We explain that what is the difference between Analogous and Homologous Organs? In addition: Characteristics of Analogous and Homologous Organs with comparison chart to easily understand.
According to anatomical tests that are based on the comparison of the anatomy of different species in their structure and function, three types of organs have been found that defend the theory of evolution: homologous, analogous and vestigial organs. The difference between the first two is that homologues have similar structures and are adapted to different functions, while analogs have different structures but fulfill the same function.
Starting in the 1920s, homology began to be considered from a genetic perspective. In 1920 Alexander Weinstein coined the term homologous genes to refer to genes from different species with similar phenotypic expressions. In 1934 Alan Boyden claimed genetics as a tool for the recognition of homologies, which he considered, for the first time, as a “genetic phenomenon”.
Richard Owen was the first to make this difference terminologically explicit: homologous is “the same organ in different animals under all their varieties in form and function”; “analog is a part or organ in an animal that has the same function as another part or organ in a different animal . ”
What Are Homologous Organs?
Homologous organs are those that are similar in their internal structure , but that fulfill different functions depending on the species.
Homology normally occurs in bodies because they come from a common ancestral organ.
The functions performed by homologous organs can become totally different because the species have adapted to the characteristics of the environment where they develop.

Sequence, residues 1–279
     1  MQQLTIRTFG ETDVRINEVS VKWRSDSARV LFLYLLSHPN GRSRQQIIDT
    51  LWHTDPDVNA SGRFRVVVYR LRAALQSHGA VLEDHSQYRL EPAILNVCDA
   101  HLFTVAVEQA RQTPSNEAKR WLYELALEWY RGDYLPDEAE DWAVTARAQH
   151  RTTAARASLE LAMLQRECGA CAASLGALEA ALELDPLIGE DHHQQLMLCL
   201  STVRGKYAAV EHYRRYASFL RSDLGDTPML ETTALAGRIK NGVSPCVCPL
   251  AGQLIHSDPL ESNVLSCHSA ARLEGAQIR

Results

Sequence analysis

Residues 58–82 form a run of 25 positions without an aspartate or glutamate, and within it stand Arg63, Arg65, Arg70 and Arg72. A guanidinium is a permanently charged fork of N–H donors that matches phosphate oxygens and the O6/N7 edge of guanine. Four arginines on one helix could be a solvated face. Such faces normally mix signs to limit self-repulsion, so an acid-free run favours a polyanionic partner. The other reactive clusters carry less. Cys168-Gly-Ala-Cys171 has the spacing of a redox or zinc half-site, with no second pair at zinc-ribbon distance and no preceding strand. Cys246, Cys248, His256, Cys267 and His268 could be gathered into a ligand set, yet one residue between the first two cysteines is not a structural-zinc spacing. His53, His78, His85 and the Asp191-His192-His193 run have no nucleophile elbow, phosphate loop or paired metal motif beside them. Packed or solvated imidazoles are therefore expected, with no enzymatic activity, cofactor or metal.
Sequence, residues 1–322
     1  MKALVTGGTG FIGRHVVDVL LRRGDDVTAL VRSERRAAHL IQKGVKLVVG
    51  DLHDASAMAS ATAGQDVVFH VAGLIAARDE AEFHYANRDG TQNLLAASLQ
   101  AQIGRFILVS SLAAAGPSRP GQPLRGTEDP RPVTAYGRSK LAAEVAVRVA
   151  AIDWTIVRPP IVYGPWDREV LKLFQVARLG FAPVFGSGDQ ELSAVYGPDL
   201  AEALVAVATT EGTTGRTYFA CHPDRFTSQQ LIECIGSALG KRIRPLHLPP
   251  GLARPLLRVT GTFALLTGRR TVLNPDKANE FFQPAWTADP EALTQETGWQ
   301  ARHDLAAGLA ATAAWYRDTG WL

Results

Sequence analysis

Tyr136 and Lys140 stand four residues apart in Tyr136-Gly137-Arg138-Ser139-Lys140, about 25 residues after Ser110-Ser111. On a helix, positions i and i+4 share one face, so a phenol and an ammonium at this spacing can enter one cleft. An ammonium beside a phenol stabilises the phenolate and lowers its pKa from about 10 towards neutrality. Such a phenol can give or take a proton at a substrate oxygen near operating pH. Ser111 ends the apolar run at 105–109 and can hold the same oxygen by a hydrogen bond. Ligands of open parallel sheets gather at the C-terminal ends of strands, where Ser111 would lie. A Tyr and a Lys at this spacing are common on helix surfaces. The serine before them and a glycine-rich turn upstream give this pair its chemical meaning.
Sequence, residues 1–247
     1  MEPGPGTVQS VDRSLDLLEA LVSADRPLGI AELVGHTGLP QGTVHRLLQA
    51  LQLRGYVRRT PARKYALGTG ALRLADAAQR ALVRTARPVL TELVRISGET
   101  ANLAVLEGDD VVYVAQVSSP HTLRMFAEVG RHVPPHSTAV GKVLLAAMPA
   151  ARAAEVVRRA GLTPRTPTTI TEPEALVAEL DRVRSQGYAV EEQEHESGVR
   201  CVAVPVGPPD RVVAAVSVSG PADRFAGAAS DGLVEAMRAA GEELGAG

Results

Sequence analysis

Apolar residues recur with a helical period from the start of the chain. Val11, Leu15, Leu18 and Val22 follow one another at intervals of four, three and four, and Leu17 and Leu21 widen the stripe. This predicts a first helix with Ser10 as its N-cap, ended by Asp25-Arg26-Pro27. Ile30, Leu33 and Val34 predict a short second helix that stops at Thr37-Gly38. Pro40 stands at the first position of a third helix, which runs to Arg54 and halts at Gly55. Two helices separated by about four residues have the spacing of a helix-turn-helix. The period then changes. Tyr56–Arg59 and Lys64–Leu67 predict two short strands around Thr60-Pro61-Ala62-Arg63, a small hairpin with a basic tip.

The development of homologous organs happens thanks to divergent evolution , where two related species change a common ancestral structure during their evolution in order to survive by performing different functions.
For this reason it is said that organs are homologous when they have the same evolutionary origin , that is, a common ancestor, although they have developed fulfilling functions with different purposes.
Examples Of Homologous Organs
The forelimbs of vertebrates, such as the arms, the wings of birds, the arms of a man and the fins of a dolphin are homologous organs because they come from the same common ancestor, while fulfilling totally different functions. They come from a common ancestor but, due to divergent evolution, they adapted to the environment.
What Are Analogous Organs?
Analogous organs are those that are morphologically similar or carry out similar functions despite having a different genetic origin. Analogous organs have a different structure but have a similar shape and function . They occur is evolutionarily separate species, but that have adapted to the same environment. This is known as convergent evolution. An example is the wings of a fly and the wings of a bird. Both fulfill the function of flying but they are not similar.
Examples Of Analogous Organs
The wings of a fly and the wings of a pigeon are analogous organs.
Differences Between Homologous And Analogous Organs
- Homologous organs are those organs that are similar in their internal structure but perform different functions in organisms of different species.
- Analogous organs are those that present different structures but fulfill the same function in organisms of different species.
- Homologous organs come from divergent evolution.
- Analogous organs come from convergent evolution.
- Homologous organs are found in species that inhabit different environments.
- Analogous organs are found in species that inhabit a similar environment.
Through comparative anatomy, homologous and analogous organs can be found and differentiated in different organisms by contrasting them.
|Homologous organs||Analogous organs|
|Definition||As for the homologous organs, these are those organs that have similar internal structures but whose purposes are different.||On the contrary, analogous organs are those that perform the same functions although they have different internal structures.|
|Presence||It can be observed in species that inhabit different environments.||They are present in species that inhabit similar environments.|
|Examples||The wings of birds, the arms of humans, and the tentacles of octopuses are homologous organs.||The wings of birds, the wings of insects, and the wings of bats are analogous organs.|